Cameras instead of rearview mirrors — Is that at all possible?

(March 24, 2020) STUTTGART, Germany — Cameras on the roof frame and displays at the A-pillars: the new Actros is easy to recognize at first glance due to the missing rearview and wide-angle mirrors. The advantages of the new system are obvious — lower gas consumption due to improved aerodynamics and increased traffic safety thanks to better visibility. But how is it operated, what needs to be considered and do drivers need time to get used to the system?

Thanks to the MirrorCam by Mercedes-Benz, the driver now has an unobstructed view where rearview and wide-angle mirrors previously covered large areas to the right and left of the A-pillar. An advantage above all at junctions, when maneuvering and in tight bends. And, the driver must no longer look as far to the right or left to see traffic to the rear.

Also  mirrors are mounted in a fixed position so that when cornering the driver may lose sight of the end of the semitrailer. In contrast, the MirrorCam swivels the image of the camera mounted toward the inside of the bend, so that the driver always has the end of the trailer in view. In principle, the system is set for standard semitrailers, but swiveling can be regulated individually.

This happens on modern trailers automatically when they transmit their geometric data to the towing vehicle. The driver can move the swivel radius manually in the door operating unit using the side selection button and the four-way rocker switch.

The optimized aerodynamics can reduce consumption: the optimized wind resistance thanks to MirrorCam can result in up to 1.5 percent less fuel.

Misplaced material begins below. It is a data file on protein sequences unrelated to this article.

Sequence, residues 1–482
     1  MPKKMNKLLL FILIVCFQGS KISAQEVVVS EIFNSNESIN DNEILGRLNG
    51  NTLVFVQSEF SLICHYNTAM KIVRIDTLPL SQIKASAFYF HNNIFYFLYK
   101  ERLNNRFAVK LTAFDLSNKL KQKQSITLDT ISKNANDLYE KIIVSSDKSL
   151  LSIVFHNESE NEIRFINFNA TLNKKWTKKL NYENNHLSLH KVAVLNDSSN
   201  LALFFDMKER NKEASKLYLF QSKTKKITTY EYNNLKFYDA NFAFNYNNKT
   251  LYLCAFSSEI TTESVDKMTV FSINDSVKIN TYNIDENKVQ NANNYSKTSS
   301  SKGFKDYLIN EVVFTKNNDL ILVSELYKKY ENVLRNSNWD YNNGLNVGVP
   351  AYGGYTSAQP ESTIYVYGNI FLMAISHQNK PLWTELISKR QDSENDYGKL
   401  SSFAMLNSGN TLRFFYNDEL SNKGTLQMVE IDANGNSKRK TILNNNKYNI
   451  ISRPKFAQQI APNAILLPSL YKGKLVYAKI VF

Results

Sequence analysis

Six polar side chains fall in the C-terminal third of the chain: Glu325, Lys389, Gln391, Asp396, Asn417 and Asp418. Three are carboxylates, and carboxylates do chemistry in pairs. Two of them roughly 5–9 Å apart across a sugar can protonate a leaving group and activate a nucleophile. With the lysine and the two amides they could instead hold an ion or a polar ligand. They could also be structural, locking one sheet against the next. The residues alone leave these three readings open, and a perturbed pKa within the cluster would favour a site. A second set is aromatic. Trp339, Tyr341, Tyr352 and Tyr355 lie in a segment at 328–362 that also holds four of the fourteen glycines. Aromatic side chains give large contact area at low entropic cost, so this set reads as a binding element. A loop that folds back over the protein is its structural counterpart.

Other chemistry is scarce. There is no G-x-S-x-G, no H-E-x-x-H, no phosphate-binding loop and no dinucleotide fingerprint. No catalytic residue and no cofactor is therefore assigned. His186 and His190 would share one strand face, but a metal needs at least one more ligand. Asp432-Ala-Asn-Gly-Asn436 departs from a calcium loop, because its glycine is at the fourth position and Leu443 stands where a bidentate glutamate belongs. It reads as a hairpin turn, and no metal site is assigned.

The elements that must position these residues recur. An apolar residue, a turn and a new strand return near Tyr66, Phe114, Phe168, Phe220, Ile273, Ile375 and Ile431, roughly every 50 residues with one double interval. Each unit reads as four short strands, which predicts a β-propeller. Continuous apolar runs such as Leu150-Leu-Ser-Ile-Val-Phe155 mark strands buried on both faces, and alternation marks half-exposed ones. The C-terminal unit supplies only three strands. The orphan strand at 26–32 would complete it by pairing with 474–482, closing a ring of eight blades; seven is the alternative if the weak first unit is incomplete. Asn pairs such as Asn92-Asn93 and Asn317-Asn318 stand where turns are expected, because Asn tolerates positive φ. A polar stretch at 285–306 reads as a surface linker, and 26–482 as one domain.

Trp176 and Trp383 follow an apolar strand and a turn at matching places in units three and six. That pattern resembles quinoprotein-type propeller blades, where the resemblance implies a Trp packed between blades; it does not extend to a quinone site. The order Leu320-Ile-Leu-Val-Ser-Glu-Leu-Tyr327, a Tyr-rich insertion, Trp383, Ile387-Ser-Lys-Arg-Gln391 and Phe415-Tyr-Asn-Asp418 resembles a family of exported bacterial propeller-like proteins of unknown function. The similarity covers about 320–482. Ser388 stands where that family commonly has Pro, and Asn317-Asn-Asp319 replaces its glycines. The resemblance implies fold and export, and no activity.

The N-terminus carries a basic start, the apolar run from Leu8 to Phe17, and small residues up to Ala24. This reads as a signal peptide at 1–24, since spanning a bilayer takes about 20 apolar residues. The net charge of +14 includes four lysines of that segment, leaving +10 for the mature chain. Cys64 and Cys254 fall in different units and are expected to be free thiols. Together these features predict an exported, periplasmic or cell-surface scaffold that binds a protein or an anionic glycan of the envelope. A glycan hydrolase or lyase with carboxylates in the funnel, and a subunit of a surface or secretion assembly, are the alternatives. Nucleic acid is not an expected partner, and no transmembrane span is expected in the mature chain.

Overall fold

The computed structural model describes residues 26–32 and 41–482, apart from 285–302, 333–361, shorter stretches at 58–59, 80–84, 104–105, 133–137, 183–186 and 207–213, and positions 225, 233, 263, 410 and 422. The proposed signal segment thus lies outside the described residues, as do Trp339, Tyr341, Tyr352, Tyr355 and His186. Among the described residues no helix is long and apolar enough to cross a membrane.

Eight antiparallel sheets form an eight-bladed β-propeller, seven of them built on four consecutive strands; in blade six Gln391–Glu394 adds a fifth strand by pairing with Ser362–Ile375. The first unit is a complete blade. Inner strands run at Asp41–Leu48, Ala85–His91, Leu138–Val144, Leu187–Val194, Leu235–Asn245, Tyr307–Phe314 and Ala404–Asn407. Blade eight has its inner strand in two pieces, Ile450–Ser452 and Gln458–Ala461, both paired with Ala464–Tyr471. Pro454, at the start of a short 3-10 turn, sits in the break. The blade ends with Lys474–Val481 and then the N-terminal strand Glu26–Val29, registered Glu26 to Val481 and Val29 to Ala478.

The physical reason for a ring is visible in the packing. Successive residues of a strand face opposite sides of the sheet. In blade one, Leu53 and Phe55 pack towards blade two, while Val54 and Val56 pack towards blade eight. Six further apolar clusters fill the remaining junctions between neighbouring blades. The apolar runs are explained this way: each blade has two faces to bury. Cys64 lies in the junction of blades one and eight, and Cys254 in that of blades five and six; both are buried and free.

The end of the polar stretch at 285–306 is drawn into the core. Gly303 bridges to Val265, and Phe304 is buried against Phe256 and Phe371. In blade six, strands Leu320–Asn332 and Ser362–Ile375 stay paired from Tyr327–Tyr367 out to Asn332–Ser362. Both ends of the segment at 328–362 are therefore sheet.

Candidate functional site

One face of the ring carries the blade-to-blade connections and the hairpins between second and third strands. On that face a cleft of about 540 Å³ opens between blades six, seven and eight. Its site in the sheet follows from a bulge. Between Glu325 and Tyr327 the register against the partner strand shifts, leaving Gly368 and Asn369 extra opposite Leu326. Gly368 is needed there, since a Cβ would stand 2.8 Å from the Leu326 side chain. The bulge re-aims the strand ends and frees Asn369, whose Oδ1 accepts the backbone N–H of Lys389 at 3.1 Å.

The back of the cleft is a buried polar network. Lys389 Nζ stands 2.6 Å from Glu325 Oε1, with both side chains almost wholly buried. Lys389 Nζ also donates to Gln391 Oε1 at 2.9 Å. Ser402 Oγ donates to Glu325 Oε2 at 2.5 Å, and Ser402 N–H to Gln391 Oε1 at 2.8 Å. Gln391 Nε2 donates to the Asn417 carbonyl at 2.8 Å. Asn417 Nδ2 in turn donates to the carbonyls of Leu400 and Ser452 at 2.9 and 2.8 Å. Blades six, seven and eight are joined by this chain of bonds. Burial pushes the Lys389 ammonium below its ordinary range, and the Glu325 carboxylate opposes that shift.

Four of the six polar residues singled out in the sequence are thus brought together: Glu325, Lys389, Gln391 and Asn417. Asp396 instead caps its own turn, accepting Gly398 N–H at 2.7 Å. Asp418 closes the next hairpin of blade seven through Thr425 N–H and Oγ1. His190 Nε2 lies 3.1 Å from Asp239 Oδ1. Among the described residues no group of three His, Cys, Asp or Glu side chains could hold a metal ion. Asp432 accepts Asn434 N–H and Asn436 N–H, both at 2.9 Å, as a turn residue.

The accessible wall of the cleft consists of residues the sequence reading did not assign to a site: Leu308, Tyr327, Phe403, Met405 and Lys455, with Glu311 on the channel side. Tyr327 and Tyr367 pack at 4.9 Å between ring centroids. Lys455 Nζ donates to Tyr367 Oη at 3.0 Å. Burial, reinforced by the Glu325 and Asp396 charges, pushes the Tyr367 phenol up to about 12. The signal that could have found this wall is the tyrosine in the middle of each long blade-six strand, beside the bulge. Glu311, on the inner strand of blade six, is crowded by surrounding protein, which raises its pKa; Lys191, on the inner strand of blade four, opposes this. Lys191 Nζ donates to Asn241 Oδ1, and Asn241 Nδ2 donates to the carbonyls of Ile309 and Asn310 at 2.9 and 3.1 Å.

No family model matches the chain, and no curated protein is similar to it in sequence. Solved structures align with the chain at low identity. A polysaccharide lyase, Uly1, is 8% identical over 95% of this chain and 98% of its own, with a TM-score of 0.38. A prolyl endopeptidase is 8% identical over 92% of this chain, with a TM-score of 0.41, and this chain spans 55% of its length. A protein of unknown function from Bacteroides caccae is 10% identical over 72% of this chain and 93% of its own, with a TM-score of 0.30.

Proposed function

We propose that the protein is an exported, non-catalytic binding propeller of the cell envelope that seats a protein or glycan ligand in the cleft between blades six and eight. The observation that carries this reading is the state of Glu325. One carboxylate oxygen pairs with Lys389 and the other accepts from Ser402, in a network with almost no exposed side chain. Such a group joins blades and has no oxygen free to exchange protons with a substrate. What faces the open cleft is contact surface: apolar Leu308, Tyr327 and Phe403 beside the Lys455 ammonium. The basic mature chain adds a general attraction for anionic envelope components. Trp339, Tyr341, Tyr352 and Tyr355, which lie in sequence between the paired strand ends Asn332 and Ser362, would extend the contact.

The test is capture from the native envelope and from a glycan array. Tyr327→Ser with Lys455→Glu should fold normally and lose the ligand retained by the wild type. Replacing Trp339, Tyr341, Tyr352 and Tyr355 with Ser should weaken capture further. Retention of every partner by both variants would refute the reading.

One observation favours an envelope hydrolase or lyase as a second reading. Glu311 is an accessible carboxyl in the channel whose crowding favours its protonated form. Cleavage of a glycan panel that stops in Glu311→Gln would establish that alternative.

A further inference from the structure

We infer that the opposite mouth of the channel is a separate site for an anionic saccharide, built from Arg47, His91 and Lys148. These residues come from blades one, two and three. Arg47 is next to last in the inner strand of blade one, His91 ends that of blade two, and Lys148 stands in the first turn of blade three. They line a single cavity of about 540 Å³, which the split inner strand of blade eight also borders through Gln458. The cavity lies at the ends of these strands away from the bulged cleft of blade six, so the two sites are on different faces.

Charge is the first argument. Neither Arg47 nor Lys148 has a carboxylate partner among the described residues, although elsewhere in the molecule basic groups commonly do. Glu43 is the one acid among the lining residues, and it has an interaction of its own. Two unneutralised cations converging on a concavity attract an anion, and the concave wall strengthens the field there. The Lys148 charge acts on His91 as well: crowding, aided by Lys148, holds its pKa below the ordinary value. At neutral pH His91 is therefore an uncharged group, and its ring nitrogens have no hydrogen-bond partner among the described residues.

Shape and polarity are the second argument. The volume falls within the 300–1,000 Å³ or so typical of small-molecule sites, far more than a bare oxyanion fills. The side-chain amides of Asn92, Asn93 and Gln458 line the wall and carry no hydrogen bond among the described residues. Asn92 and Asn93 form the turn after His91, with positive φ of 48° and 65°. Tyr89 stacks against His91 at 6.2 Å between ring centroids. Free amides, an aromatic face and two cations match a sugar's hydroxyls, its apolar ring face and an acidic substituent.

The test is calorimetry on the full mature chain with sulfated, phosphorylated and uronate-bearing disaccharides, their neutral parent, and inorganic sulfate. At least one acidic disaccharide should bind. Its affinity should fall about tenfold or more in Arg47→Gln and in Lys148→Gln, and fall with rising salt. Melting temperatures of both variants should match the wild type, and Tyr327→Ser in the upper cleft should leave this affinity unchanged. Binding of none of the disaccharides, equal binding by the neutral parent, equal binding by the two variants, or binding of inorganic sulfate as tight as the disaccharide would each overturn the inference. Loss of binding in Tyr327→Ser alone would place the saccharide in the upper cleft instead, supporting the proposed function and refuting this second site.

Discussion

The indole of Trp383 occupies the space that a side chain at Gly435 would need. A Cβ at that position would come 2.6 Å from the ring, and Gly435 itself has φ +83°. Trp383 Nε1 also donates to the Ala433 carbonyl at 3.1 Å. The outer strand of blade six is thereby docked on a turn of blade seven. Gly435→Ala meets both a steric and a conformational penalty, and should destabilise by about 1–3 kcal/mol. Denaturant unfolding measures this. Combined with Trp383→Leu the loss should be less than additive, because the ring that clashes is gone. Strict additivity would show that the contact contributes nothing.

Misted or dirty mirror glass and side windows have always been a problem. Thanks to the position of the cameras high up on the vehicle, the small roof above the camera lens, a special coating and the digital transmission of the image to a display in the cab, misting and dirt hardly affect the system at all. And what is particularly helpful on cold, damp days; the camera is automatically heated at temperatures below 15 degrees Celsius.

The distance indicator lines which are shown on the display of the MirrorCam system help drivers to estimate the distances behind the truck. Three fixed lines are shown together with a line that the driver can adjust precisely to mark the end of the vehicle before starting a journey. Used in combination with the information shown in the displays by the assistance systems, the driver can now better assess three typical situations in particular: when is there sufficient distance to move out to the left? When maneuvering what is the distance at the rear of the vehicle? After overtaking, when can the driver safely merge to the right again?

In residual light situations, that is at dusk, the MirrorCam even has an advantage. The light transmission of the cameras is high. Thus the displays show an image that is much brighter than the natural light. So drivers receive better information about their surroundings than with a mirror.

Furthermore the brightness is adjusted to the prevailing light conditions steplessly — drivers are not dazzled. All of that works both on the open road and in tunnels. If it is completely dark outside, the MirrorCam can only show the areas illuminated by the vehicle itself – just like a conventional mirror. Here, for maximum image information, the developers have selected a set-up which at present may cause a little image noise.

Varying perception, weather conditions and times of day – there are good reasons for adjusting the brightness of displays. This is done simply via the right-hand touchscreen display or the multifunction steering wheel. If required the brightness of the right-hand and left-hand display can be adjusted differently. For this, a virtual slide controller can be accessed via the menus "Display and Brightness –> Display brightness –> MirrorCam".